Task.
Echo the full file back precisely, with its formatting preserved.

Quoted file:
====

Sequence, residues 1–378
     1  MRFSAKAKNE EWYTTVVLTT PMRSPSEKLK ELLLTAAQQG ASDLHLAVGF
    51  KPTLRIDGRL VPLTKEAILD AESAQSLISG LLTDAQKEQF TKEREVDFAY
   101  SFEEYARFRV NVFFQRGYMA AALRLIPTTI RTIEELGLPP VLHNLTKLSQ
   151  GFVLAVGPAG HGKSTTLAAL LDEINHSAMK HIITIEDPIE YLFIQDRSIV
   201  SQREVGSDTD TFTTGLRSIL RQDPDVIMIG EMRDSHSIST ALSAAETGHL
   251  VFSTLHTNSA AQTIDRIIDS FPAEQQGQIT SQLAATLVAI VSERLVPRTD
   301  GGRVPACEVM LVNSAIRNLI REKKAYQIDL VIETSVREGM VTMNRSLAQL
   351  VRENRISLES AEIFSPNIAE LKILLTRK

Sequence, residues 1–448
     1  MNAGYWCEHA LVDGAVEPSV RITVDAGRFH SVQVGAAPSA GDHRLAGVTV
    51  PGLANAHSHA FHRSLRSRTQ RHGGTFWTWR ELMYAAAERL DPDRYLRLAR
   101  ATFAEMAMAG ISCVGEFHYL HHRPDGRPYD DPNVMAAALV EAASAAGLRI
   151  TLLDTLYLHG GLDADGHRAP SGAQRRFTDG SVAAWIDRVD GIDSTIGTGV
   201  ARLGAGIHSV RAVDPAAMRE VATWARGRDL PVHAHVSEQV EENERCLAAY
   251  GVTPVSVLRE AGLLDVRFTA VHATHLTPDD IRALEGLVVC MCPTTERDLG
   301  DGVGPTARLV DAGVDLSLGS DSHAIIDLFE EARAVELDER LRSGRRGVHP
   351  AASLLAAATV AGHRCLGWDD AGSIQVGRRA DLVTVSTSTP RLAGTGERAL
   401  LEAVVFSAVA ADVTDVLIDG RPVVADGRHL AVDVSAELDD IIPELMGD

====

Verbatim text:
Sequence, residues 1–378
     1  MRFSAKAKNE EWYTTVVLTT PMRSPSEKLK ELLLTAAQQG ASDLHLAVGF
    51  KPTLRIDGRL VPLTKEAILD AESAQSLISG LLTDAQKEQF TKEREVDFAY
   101  SFEEYARFRV NVFFQRGYMA AALRLIPTTI RTIEELGLPP VLHNLTKLSQ
   151  GFVLAVGPAG HGKSTTLAAL LDEINHSAMK HIITIEDPIE YLFIQDRSIV
   201  SQREVGSDTD TFTTGLRSIL RQDPDVIMIG EMRDSHSIST ALSAAETGHL
   251  VFSTLHTNSA AQTIDRIIDS FPAEQQGQIT SQLAATLVAI VSERLVPRTD
   301  GGRVPACEVM LVNSAIRNLI REKKAYQIDL VIETSVREGM VTMNRSLAQL
   351  VRENRISLES AEIFSPNIAE LKILLTRK

Sequence, residues 1–448
     1  MNAGYWCEHA LVDGAVEPSV RITVDAGRFH SVQVGAAPSA GDHRLAGVTV
    51  PGLANAHSHA FHRSLRSRTQ RHGGTFWTWR ELMYAAAERL DPDRYLRLAR
   101  ATFAEMAMAG ISCVGEFHYL HHRPDGRPYD DPNVMAAALV EAASAAGLRI
   151  TLLDTLYLHG GLDADGHRAP SGAQRRFTDG SVAAWIDRVD GIDSTIGTGV
   201  ARLGAGIHSV RAVDPAAMRE VATWARGRDL PVHAHVSEQV EENERCLAAY
   251  GVTPVSVLRE AGLLDVRFTA VHATHLTPDD IRALEGLVVC MCPTTERDLG
   301  DGVGPTARLV DAGVDLSLGS DSHAIIDLFE EARAVELDER LRSGRRGVHP
   351  AASLLAAATV AGHRCLGWDD AGSIQVGRRA DLVTVSTSTP RLAGTGERAL
   401  LEAVVFSAVA ADVTDVLIDG RPVVADGRHL AVDVSAELDD IIPELMGD